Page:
Advances in immunosuppressive therapy, refinement in surgical techniques and in public awareness, altruism, and goodwill have allowed an increase in the number of living donor kidney transplantation; whereby, virtually all biological related, unrelated and medically and psychosocially suitable individuals can be considered as donors [1
]. Live donor surgery is elective and easier to organise prior to starting dialysis than when the renal donor is a cadaver. In addition, living donor transplants have the advantage of being performed with minimal delay, thereby permitting preemptive transplantation (transplantation prior to dialysis). There is also increasing evidence that patients who undergo preemptive transplantation have improved graft survival compared to those who undergo a period of dialysis before transplantation [7
]. Because of superior results with living kidney transplantation, efforts including the usage of “medically complex living donors” are made to increase the availability of organs for donation [8
]. The term “complex living donor” was used first by Reese et al. [9
] in the International Forum on the Care of the Live Kidney Donor which was held on April 2004 in Amsterdam [7
]. The objective of this meeting was to develop international consensus on the standard of care and define the responsibility of the transplant community for the live kidney donor [7
]. The term “complex living donor” is probably preferred for all suboptimal donors where decision making is a problem due to the lack of sound medical data or consensus guidelines. After this meeting, complex living donors were categorized based on certain risk factors (). The risk of end-stage renal disease (ESRD) in complex living donors is not clear yet. The evaluation of a potential renal allograft in living donors varies from country to country. In this review we would like to present the major issues in the evaluation process of medically complex living kidney donor.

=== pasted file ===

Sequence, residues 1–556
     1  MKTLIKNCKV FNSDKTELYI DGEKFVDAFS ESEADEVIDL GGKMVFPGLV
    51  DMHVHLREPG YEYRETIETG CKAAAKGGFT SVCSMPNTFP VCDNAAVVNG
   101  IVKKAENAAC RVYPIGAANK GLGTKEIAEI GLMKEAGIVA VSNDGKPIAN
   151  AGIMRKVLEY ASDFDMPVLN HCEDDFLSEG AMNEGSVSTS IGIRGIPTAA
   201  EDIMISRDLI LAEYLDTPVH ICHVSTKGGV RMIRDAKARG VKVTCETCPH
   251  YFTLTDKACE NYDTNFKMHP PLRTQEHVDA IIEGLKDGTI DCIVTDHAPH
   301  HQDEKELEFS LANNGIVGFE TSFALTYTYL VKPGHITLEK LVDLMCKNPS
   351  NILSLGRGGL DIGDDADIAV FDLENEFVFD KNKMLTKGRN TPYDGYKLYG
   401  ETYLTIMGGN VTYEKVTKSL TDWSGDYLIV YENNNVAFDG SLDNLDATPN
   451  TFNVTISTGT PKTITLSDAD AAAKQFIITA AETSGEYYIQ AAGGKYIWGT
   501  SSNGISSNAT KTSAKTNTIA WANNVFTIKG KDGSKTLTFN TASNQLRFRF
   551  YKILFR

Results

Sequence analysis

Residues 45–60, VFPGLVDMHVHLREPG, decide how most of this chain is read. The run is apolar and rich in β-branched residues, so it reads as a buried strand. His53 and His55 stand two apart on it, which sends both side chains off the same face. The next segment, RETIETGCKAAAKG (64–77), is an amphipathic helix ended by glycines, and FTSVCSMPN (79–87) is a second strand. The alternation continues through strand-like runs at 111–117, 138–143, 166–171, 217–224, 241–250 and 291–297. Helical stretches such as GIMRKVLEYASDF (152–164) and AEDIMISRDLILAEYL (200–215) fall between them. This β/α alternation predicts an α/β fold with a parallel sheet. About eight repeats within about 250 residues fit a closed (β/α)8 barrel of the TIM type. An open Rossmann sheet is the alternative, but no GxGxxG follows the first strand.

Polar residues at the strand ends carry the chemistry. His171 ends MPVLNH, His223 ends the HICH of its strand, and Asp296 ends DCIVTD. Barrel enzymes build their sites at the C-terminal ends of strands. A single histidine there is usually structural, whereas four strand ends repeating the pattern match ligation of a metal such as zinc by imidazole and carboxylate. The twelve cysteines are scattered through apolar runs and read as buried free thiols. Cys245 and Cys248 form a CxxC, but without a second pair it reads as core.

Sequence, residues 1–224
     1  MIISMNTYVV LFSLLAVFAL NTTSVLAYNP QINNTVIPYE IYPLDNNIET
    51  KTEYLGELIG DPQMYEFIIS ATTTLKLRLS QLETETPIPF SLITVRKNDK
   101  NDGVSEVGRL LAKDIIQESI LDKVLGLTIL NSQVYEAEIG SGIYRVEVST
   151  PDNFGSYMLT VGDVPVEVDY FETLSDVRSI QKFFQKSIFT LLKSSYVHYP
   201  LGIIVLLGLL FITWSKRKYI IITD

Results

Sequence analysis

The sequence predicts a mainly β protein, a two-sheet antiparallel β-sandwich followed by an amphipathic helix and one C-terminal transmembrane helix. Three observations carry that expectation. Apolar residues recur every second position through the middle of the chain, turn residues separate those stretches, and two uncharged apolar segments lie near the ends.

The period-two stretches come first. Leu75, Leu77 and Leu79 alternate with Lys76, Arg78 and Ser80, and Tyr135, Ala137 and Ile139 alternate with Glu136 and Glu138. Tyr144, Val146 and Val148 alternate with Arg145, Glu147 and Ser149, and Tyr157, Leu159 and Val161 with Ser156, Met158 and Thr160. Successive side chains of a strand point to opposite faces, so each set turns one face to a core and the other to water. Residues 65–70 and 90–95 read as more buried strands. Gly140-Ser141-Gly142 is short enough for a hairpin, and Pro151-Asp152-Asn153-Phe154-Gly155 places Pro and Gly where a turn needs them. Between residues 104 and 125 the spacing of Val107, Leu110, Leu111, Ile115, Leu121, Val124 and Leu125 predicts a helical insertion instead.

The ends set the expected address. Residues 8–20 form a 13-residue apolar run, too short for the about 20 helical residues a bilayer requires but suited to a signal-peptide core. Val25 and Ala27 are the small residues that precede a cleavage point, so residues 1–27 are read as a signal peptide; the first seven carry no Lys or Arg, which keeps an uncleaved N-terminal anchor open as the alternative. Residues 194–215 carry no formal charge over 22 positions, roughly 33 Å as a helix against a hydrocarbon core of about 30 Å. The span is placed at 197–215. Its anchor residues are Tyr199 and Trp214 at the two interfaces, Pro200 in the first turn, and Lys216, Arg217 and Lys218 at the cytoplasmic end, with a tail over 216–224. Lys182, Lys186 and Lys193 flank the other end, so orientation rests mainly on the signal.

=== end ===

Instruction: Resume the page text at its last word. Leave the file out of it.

Risk factors associated with complex living donor.
1.1. Informed Consent
First of all, to avoid conflict of interests, the proposed donor should be carefully evaluated by a physician not involved in the care of the proposed recipient. The physician must confirm that the patient's wish to donate is voluntary. Informed consent is a core value in living kidney donation. Prior to donor nephrectomy, the potential donor must be informed of [10
] the following.
- The nature of the evaluation process.
- The results and consequences/morbidity of testing, including the possibility that the conditions that may be discovered can impact future healthcare, insurability, and social status of the potential donor.
- The risks of operative donor nephrectomy, as assessed after the complete evaluation. These should include, but not be limited to the risk of death, surgical morbidities, changes in health and renal function, impact upon insurability/employability, and unintended effects upon family and social life.
- The responsibility of the individual and the social system in the management of discovered conditions (e.g., if the donor is discovered to have tuberculosis, the donor should undergo treatment, the community has a responsibility to help the donor secure proper care with referral to an appropriate physician).
- The expected transplant outcomes (favorable and unfavorable) for the recipient and any specific recipient conditions which may impact upon the decision to donate the kidney.
- Disclosure of recipient specific information which must have the assent of the recipient.
- Alternative renal replacement therapies available to the potential recipient.
Additionally, the potential donor should be capable of understanding the information presented in the consent process.